Speaker urges African Americans to use 'any means necessary'

January 20, 2004|ANN R. HARNEY

HARRODSBURG - It was a celebration of Martin Luther King Jr., but the speaker delivering the message Monday kept repeating a line by another Civil Rights leader killed in the struggle in the 1960s.

"By any means necessary," was the Malcolm X phrase The Rev. Sahlim Mustafa repeated throughout his speech to the nearly full sanctuary at St. Peter's AME Church.

King's approach to ending segregation was peaceful civil disobedience while Malcolm X sought to end racism in this country "by any means necessary."

The celebration, the first sponsored by Harrodsburg's Roots & Heritage Society, began with breakfast at the West Lane Park Building. About 50 people braved the cold and wind to attend the breakfast. The group proceeded to the outside of St. Peter's AME Church to begin the march up Lexington Street.


The march was cut short because of the weather and the group returned to the church for the service, about 45 minutes before it was scheduled to begin.

Their number seeming to grow at each stop, the group sang hymns until the 11 a.m. service.

Before Mustafa spoke, Mercer County Judge-Executive John Trisler told the group that when he was invited to the event, "My mind went immediately to Abraham Lincoln," but he also gave tribute to King and the courageous young people who fought the civil rights battles in the 1960s.

Referring to King's "I have a dream" speech given at the foot of the Lincoln memorial in Washington, D.C., Trisler said, "In many ways we have not shared all of his dream." And while we do not act as if all men are created equal, "We will go to eternity as equals."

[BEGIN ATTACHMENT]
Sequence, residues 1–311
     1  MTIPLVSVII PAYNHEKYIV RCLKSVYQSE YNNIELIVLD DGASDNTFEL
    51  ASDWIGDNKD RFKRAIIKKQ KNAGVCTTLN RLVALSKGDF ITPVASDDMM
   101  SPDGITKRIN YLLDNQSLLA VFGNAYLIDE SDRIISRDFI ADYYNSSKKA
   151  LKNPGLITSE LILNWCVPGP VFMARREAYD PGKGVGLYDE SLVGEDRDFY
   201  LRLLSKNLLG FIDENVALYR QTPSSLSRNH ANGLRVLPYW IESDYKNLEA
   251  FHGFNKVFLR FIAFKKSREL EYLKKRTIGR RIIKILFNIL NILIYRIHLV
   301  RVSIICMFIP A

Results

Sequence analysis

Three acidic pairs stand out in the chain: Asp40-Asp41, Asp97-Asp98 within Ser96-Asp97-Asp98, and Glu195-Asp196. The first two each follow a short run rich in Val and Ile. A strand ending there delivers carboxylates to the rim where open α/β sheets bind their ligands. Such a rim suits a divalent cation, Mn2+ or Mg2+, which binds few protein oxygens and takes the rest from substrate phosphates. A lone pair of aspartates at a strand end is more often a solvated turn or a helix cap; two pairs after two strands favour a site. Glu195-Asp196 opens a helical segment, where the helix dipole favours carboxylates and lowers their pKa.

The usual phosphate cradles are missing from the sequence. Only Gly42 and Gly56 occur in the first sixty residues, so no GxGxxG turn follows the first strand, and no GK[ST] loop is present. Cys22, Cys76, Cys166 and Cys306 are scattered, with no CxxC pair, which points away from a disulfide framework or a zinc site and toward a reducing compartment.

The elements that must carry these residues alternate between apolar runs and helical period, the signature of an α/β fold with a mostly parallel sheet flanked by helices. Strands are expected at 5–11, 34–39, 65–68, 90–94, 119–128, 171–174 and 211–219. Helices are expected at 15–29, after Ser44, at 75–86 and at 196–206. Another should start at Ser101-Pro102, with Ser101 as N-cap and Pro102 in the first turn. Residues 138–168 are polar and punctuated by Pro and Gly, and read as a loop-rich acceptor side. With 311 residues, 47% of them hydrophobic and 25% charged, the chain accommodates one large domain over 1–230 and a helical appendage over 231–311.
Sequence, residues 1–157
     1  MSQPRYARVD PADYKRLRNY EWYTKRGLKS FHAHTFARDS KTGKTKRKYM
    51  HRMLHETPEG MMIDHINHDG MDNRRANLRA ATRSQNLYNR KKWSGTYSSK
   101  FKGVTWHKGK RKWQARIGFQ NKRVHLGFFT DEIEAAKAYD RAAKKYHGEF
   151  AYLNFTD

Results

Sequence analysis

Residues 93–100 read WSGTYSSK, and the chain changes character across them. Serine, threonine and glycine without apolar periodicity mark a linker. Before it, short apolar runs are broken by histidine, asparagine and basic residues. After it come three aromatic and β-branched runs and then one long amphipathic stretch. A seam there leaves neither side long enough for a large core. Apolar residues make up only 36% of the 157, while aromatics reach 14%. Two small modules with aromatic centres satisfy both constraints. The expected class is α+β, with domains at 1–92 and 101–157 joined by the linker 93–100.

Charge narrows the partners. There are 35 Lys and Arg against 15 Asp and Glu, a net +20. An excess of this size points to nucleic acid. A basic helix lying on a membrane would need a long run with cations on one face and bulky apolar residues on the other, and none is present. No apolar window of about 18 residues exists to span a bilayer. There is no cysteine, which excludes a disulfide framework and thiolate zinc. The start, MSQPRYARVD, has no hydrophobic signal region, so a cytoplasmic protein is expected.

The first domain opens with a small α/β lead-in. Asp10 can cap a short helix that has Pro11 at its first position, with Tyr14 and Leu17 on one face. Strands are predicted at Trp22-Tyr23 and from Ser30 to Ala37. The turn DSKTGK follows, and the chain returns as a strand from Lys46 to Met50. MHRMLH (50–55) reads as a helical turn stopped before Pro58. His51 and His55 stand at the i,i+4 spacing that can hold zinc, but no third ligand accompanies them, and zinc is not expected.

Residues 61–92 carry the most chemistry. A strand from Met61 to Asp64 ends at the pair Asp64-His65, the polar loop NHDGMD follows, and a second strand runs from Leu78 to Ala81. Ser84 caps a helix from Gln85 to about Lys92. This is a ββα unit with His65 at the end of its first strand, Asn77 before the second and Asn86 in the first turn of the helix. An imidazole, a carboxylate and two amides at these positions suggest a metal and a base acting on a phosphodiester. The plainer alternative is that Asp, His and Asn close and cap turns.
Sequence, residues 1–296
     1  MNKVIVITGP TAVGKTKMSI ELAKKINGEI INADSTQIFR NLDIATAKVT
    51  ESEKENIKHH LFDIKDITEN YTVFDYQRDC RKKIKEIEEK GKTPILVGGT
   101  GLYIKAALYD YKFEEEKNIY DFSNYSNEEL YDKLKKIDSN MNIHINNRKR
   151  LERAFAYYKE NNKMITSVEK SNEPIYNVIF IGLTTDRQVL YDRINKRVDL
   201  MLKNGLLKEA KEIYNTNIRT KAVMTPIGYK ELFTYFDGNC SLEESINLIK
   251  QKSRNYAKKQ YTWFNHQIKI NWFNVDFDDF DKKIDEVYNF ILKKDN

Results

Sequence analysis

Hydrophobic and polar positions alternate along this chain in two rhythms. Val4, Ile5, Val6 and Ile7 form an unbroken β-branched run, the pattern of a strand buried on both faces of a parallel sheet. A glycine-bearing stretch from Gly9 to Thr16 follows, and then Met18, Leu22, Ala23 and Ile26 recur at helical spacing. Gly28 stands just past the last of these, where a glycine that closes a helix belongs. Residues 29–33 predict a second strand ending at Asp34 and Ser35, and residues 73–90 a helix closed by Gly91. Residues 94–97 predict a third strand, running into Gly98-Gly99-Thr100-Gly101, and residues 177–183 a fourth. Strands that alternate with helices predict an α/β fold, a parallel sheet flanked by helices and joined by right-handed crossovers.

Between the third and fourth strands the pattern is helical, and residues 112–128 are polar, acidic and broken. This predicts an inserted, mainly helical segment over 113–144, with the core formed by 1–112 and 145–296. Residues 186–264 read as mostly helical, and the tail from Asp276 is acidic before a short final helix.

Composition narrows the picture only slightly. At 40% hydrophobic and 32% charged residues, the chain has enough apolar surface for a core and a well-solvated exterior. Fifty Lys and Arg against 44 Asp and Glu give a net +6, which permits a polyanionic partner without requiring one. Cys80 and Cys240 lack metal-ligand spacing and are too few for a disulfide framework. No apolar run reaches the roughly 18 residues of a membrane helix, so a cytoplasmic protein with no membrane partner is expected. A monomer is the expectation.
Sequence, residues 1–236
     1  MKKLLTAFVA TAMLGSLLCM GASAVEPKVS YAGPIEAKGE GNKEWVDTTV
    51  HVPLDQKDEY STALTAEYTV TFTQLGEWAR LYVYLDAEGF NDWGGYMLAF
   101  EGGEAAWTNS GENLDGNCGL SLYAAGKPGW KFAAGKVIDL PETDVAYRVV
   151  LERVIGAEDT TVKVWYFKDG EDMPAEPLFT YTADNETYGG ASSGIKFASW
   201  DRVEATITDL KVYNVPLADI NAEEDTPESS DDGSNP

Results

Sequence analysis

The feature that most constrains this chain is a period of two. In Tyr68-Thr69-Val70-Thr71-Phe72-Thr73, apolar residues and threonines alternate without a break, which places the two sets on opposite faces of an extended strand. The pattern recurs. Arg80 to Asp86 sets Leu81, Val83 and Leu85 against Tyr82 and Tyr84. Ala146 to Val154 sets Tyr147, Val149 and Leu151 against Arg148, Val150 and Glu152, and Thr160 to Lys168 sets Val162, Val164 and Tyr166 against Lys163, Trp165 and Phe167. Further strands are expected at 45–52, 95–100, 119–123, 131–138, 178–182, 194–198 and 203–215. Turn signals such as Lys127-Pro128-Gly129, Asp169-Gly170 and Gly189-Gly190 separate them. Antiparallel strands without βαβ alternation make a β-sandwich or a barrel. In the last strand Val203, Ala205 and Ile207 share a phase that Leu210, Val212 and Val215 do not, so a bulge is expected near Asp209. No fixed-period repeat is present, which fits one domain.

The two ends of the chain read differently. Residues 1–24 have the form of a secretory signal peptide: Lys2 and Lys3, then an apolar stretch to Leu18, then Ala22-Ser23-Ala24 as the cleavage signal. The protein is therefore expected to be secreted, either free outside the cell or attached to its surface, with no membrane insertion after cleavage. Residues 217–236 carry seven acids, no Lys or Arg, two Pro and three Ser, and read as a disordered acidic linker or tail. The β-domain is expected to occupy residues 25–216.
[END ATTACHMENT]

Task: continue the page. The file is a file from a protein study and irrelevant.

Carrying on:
Mustafa attacked Trisler's words, saying Lincoln was a person learned about in school. "That's history; where's our history?"

Trisler left after his talk and Mustafa said he wished he had stayed, but Mustafa said he did not remember his name.

He called for Harrodsburg's black population to become active in elective office here. He noted there is no black person on the Harrodsburg City Commission or Mercer County Fiscal Court. He urged them to develop an "any-means-necessary attitude."

"Why don't Africans like African Americans?" Mustafa asked. "Because they have more pride," he answered.

While saying black people are not a part of Harrodsburg's governments, he added, "It's our own fault."

"We built this country," he said. "I want black folks to be proud of themselves." He said one way black people can become a part of the city is to have their own businesses and for other members of the community to support black businesses.

He also compared the slavery classes: The house Negro and the field Negro. The slaves that worked in the house identified with the slave owner while the slaves working in the field saw clearly the state of their existence.

"Black folks need to raise themselves up," Mustafa said. He charged that black members of society sugarcoat the issues. He said he could not forget the dogs and water hoses law enforcement used to stop civil rights workers.

He could not forget the four girls killed in the bombing of a Birmingham, Ala., church or the assassination of Medgar Evers in his own driveway. "We are still living in a nightmare."

Lastly, Mustafa challenged pastors in the audience to follow in their religious savior's steps.

"Jesus Christ was a servant of God," he said. "For the sake of God, if you don't serve God, you have no place in the ministry. We need to stop making a mockery of God's house."

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